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Future of conventions scrutinized

On my way down to breakfast Saturday morning, the hotel elevator doors opened to reveal a young woman wearing a grass skirt, a lei around her neck and rings of flowers on her wrists and on her head.

I was surprised.

It was the final day of the American Numismatic Association World’s Fair of Money.

Such a costume I might have seen at the Numismatic Literary Guild on Thursday night. It is not something I associate with a Saturday morning.

We both ended up in the buffet line, so I asked her why she was wearing what she was.

She said she was attending a business conference that had a Hawaiian theme.

I might have replied that such a theme is a bit unusual for a business conference, but then I remembered seeing the photo many years ago of Grover Criswell in such a costume.

Conventions are strange animals. NLG Bashes are stranger still.

The future of conventions in the numismatic realm was a topic at the Saturday morning meeting of the new ANA board of governors led by President Jeff Garrett.

Even as the agenda included site selection for the National Money Shows in early 2018 and early 2019, Garrett remarked that these shows were money-losers for the ANA. They might have to be shrunk in size to fit into a hotel ballroom to keep costs under control, or they could be abolished, he said.

Garrett then went on to talk about the specifics of the 2018 and 2019 shows.

He polled the board.

Oklahoma City, Okla., is the leading location for 2018. Pittsburgh, Pa., seems to be the favorite for 2019, though Charleston, S.C., is still a strong contender.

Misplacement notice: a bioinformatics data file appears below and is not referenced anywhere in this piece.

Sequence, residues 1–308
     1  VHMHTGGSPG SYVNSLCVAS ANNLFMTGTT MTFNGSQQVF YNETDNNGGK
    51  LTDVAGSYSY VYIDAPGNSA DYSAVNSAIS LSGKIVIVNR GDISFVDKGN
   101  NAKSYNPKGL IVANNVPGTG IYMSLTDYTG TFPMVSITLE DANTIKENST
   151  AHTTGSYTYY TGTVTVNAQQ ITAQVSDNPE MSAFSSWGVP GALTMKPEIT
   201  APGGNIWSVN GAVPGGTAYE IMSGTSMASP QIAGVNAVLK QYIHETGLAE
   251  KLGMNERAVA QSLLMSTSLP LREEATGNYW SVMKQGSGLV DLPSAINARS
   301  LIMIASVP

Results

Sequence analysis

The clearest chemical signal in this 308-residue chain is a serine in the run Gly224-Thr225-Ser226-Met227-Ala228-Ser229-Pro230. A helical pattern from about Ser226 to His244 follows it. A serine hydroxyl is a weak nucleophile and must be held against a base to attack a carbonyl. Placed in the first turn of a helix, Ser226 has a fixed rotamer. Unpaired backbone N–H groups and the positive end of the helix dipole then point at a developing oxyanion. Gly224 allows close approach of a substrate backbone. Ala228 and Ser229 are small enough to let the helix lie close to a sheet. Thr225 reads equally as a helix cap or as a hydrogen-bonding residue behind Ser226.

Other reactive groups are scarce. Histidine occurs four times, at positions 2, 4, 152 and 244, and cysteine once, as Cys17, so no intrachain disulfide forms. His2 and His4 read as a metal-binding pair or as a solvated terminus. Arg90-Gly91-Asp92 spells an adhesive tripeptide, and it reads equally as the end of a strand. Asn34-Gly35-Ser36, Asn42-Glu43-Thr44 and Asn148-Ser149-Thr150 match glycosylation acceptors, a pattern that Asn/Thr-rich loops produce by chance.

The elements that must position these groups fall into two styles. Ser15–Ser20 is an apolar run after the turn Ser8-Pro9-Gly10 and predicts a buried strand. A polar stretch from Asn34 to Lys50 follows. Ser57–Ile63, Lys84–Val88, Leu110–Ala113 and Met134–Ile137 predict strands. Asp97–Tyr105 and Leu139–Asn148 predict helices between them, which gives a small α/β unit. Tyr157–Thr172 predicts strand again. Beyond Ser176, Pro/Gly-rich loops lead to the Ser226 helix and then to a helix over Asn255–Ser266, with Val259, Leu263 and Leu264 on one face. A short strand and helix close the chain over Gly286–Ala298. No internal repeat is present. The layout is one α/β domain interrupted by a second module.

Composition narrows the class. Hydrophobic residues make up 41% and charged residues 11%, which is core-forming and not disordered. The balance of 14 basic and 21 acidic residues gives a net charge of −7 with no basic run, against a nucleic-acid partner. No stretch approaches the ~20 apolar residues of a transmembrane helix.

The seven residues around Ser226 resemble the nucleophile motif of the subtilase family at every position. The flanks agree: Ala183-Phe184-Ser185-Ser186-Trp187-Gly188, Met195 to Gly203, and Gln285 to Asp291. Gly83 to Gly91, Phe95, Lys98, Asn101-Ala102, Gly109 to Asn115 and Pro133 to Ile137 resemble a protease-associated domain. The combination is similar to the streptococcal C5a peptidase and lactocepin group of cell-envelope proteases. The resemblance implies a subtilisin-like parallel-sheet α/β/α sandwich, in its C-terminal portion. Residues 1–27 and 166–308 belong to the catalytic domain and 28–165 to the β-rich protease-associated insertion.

No decisions will be made until October as the board seeks more input.

The need to attend any convention seems to be diminishing as more and more people decide to buy and sell on the Internet to cut their personal costs. Yet it is hard to imagine a numismatic business without the personal connections.

The three-year experiment with the Rosemont World’s Fair of Money is now at an end. It was made to cut the ANA’s convention costs.

Few people seem to remember this, or speak about it. They have become bored with the surroundings.

Next year’s convention in Anaheim, Calif., might be more interesting as it is next to Disneyland, but the accountants will notice.

Money has gotten tighter in the business. Input from accountants has gotten stronger.

This touches everyone from world mints, to bourse dealers, to NLG sponsors to me.

If I mention Hawaiian costumes to my accountants, what will they think?

So this is just between us, you understand.

Buzz blogger Dave Harper is winner of the 2014 Numismatic Literary Guild Award for Best Blog and is editor of the weekly newspaper "Numismatic News."

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